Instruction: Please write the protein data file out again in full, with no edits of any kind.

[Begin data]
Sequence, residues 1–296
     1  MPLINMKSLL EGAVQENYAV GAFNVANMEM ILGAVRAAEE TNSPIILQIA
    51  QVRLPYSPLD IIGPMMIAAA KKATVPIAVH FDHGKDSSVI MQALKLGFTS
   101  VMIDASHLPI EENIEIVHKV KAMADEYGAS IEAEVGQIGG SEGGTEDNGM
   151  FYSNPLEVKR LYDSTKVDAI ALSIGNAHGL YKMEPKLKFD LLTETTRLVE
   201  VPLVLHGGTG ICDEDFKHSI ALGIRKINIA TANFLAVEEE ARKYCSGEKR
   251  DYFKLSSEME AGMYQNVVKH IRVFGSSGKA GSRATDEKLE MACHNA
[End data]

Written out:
Sequence, residues 1–296
     1  MPLINMKSLL EGAVQENYAV GAFNVANMEM ILGAVRAAEE TNSPIILQIA
    51  QVRLPYSPLD IIGPMMIAAA KKATVPIAVH FDHGKDSSVI MQALKLGFTS
   101  VMIDASHLPI EENIEIVHKV KAMADEYGAS IEAEVGQIGG SEGGTEDNGM
   151  FYSNPLEVKR LYDSTKVDAI ALSIGNAHGL YKMEPKLKFD LLTETTRLVE
   201  VPLVLHGGTG ICDEDFKHSI ALGIRKINIA TANFLAVEEE ARKYCSGEKR
   251  DYFKLSSEME AGMYQNVVKH IRVFGSSGKA GSRATDEKLE MACHNA